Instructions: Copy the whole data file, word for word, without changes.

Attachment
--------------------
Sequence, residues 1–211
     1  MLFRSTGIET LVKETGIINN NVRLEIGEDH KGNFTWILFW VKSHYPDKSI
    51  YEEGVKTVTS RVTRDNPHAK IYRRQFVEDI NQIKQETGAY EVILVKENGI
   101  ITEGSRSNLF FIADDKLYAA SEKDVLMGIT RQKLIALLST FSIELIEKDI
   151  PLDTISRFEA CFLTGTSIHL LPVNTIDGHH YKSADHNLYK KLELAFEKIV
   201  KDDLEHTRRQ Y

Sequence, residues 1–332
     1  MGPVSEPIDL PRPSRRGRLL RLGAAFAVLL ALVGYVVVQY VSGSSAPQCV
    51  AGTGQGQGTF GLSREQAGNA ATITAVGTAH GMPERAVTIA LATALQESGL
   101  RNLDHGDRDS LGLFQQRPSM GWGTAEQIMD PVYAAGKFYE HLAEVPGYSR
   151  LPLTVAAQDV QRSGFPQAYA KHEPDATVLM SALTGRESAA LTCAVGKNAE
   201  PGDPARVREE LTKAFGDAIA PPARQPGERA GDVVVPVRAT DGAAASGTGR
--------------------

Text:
Sequence, residues 1–211
     1  MLFRSTGIET LVKETGIINN NVRLEIGEDH KGNFTWILFW VKSHYPDKSI
    51  YEEGVKTVTS RVTRDNPHAK IYRRQFVEDI NQIKQETGAY EVILVKENGI
   101  ITEGSRSNLF FIADDKLYAA SEKDVLMGIT RQKLIALLST FSIELIEKDI
   151  PLDTISRFEA CFLTGTSIHL LPVNTIDGHH YKSADHNLYK KLELAFEKIV
   201  KDDLEHTRRQ Y

Sequence, residues 1–332
     1  MGPVSEPIDL PRPSRRGRLL RLGAAFAVLL ALVGYVVVQY VSGSSAPQCV
    51  AGTGQGQGTF GLSREQAGNA ATITAVGTAH GMPERAVTIA LATALQESGL
   101  RNLDHGDRDS LGLFQQRPSM GWGTAEQIMD PVYAAGKFYE HLAEVPGYSR
   151  LPLTVAAQDV QRSGFPQAYA KHEPDATVLM SALTGRESAA LTCAVGKNAE
   201  PGDPARVREE LTKAFGDAIA PPARQPGERA GDVVVPVRAT DGAAASGTGR